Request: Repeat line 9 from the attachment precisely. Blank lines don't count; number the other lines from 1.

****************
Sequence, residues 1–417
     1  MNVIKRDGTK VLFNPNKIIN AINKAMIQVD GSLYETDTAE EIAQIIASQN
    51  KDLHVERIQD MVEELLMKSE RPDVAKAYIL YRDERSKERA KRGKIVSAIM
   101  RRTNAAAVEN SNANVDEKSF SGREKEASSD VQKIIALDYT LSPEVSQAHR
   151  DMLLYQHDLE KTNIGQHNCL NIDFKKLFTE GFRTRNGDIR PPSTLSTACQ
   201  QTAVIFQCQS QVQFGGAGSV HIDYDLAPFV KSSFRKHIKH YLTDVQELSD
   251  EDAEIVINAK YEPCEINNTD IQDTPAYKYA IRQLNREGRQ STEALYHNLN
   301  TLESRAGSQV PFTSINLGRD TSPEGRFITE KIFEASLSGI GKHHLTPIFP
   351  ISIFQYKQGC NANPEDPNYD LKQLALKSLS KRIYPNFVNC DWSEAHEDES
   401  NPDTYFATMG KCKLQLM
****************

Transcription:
   351  ISIFQYKQGC NANPEDPNYD LKQLALKSLS KRIYPNFVNC DWSEAHEDES